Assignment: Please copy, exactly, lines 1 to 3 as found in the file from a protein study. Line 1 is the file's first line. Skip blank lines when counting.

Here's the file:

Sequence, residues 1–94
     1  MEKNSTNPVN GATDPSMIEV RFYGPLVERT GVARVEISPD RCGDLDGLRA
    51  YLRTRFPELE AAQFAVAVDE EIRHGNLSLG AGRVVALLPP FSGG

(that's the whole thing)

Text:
Sequence, residues 1–94
     1  MEKNSTNPVN GATDPSMIEV RFYGPLVERT GVARVEISPD RCGDLDGLRA
    51  YLRTRFPELE AAQFAVAVDE EIRHGNLSLG AGRVVALLPP FSGG